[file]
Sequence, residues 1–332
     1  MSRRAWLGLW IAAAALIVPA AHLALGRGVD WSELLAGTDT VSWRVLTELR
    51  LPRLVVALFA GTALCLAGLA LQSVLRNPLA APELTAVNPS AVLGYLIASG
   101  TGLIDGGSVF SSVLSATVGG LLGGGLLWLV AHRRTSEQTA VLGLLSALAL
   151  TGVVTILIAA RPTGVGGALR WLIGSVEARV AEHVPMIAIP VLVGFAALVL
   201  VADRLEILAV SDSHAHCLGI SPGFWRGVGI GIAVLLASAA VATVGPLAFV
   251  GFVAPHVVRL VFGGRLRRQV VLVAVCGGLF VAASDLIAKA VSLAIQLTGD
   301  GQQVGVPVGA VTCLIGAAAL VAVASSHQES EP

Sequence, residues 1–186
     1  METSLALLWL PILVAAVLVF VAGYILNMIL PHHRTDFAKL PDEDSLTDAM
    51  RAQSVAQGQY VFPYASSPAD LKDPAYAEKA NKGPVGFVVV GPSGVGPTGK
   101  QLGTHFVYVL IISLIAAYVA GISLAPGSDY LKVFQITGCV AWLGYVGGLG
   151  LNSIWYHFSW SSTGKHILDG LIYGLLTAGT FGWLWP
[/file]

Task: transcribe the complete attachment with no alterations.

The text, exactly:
Sequence, residues 1–332
     1  MSRRAWLGLW IAAAALIVPA AHLALGRGVD WSELLAGTDT VSWRVLTELR
    51  LPRLVVALFA GTALCLAGLA LQSVLRNPLA APELTAVNPS AVLGYLIASG
   101  TGLIDGGSVF SSVLSATVGG LLGGGLLWLV AHRRTSEQTA VLGLLSALAL
   151  TGVVTILIAA RPTGVGGALR WLIGSVEARV AEHVPMIAIP VLVGFAALVL
   201  VADRLEILAV SDSHAHCLGI SPGFWRGVGI GIAVLLASAA VATVGPLAFV
   251  GFVAPHVVRL VFGGRLRRQV VLVAVCGGLF VAASDLIAKA VSLAIQLTGD
   301  GQQVGVPVGA VTCLIGAAAL VAVASSHQES EP

Sequence, residues 1–186
     1  METSLALLWL PILVAAVLVF VAGYILNMIL PHHRTDFAKL PDEDSLTDAM
    51  RAQSVAQGQY VFPYASSPAD LKDPAYAEKA NKGPVGFVVV GPSGVGPTGK
   101  QLGTHFVYVL IISLIAAYVA GISLAPGSDY LKVFQITGCV AWLGYVGGLG
   151  LNSIWYHFSW SSTGKHILDG LIYGLLTAGT FGWLWP